A good friend of mine from the University of Richmond is also studying abroad in Chile. His program is in Valparaíso, a coastal city about an hour and a half away from Santiago by bus. I mentioned in an earlier post that Neal came to visit me in Santiago so it was only natural that I traveled to Santiago to return the favor!
I set out for Valpo (an affectionate nickname for Valparaíso) this past Saturday. My plans to arrive early went awry so I did not reach the city until it was midday. I know I talk a lot about traveling in Chile in my posts but believe it or not this was the first time I traveled by myself. If you have noticed, all of the destinations I have mentioned in blog posts have been excursions with the study abroad group. The program was a bit rigorous in that we could not miss any classes. Travel time was strictly allotted to weekends but when you are living in the longest country in the world, you don’t get very far in a weekend. I am now in my month of research without any class obligations so I am much more flexible to travel. In fact, this weekend I am going back to Valle Elikura to visit my homestay family in the south and conduct some interviews that are relevant for my research. I also have not done traveling on my own thus far because I wanted to avoid becoming a tourist. All my travels so far have been, and will continue to be, for a specific purpose. I think this is a way I have personally tried to step away from typical ecotourism or ethnic tourism.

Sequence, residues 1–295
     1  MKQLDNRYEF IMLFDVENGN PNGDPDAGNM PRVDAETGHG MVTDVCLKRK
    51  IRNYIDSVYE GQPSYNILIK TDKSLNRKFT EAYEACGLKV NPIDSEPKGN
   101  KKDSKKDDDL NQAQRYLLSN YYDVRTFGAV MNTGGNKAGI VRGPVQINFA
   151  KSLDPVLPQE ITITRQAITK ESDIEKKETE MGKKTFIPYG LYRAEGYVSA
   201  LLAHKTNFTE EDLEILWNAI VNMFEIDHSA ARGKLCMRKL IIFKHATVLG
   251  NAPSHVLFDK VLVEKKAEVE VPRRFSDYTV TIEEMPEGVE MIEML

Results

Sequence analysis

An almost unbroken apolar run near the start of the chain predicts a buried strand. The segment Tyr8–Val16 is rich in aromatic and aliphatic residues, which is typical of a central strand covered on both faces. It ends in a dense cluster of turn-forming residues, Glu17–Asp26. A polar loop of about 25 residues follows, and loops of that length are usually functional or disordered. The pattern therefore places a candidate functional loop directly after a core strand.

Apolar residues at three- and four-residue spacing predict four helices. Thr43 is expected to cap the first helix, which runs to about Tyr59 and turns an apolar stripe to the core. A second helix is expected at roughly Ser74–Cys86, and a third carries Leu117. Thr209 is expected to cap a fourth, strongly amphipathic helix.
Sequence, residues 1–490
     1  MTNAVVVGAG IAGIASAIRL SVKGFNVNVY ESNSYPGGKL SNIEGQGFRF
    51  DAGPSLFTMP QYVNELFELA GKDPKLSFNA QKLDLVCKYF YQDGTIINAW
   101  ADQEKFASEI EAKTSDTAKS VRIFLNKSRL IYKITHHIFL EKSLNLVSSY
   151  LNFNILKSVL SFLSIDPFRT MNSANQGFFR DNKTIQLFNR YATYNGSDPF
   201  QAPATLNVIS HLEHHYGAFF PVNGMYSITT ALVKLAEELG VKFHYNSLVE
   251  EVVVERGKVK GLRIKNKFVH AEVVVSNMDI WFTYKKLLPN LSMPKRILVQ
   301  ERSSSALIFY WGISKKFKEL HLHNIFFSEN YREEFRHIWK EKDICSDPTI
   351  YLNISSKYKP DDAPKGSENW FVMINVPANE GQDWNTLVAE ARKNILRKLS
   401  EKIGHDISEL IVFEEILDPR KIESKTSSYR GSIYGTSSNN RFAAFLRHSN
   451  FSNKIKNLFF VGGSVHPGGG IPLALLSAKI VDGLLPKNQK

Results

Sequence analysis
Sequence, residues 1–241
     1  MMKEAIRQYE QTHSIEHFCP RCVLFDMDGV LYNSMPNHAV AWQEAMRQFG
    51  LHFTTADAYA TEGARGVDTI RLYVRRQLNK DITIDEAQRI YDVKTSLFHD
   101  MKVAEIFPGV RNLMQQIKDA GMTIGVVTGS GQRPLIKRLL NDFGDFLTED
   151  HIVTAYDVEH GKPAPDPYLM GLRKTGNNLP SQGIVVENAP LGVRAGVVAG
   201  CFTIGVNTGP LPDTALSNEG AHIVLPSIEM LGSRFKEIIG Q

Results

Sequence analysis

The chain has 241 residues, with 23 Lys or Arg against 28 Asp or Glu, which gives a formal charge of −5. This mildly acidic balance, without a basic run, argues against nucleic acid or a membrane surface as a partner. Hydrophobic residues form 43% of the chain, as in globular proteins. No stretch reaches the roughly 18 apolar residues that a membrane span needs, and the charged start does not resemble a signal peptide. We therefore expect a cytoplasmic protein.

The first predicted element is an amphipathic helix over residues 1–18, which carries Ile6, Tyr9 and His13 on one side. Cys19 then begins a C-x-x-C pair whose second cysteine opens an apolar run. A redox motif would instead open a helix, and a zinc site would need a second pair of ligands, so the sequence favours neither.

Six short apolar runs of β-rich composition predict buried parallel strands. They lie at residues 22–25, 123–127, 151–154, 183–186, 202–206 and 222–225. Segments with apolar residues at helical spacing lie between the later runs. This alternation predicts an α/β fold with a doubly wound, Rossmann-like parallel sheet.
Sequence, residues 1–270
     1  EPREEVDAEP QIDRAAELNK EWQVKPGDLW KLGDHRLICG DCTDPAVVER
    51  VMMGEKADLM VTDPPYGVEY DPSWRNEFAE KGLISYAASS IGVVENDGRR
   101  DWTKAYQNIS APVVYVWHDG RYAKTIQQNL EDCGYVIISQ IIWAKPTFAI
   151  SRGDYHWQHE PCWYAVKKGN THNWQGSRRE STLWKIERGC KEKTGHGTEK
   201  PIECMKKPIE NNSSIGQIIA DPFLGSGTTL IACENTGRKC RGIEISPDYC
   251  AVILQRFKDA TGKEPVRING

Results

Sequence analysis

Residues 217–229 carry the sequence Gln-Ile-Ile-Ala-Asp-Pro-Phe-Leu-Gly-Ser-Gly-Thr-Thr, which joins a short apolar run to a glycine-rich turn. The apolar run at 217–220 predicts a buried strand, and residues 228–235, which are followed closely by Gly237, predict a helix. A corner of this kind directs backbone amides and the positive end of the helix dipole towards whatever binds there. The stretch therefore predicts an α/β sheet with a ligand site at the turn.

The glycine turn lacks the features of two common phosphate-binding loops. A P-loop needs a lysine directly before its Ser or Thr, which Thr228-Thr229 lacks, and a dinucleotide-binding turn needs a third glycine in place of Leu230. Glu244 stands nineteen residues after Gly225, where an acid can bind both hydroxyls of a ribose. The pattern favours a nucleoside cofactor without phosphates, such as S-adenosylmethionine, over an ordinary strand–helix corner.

Anyway, Valparaíso is close enough for a day trip. I was really happy that I was visiting Neal in Valpo and not simply going to sightsee. Neal is also someone very aware of social and political dynamics in Chile and I knew I would “experience Valpo” through a particular lens. The first thing we did was hike up to a neighborhood in Valpo that is known for murals. Valparaíso in itself is known to have a lot of murals. Some carry particular social commentary and others are simply beautiful works of art. World-renowned artists have also crafted beautiful murals in the city. You can imagine the street art makes Valparaíso an incredibly colorful city. The neighborhood we visited is known as the most famous area for public art. The murals are simply drawn outside of private homes with the permission of the homeowner. Many times the mural engulfs the entire outer wall of the house.
Valparaíso is a port city that is spread out almost entirely on hills. Any activity from going to the cemetery to the small neighborhood coffee shop five minutes away is a full-blown hike. One would go mad if they tried to orient him/herself around the city using street names. Those are arbitrary. I learned if you want to get somewhere, you pick out a reference point close to your destination and you head towards that direction. As you are walking, you have to constantly check your position in relation to the reference point and adjust your path accordingly.
Overall, I enjoyed Valparaíso. I think I would have been extremely happy to live there as well. The city isn’t too big to be overwhelming and cold, but it is big enough represent a lot of socioeconomic diversity. It isn’t too small where it may be “boring” or monotonous, but small enough to exude a strong and particular character.
I will definitely return for another visit.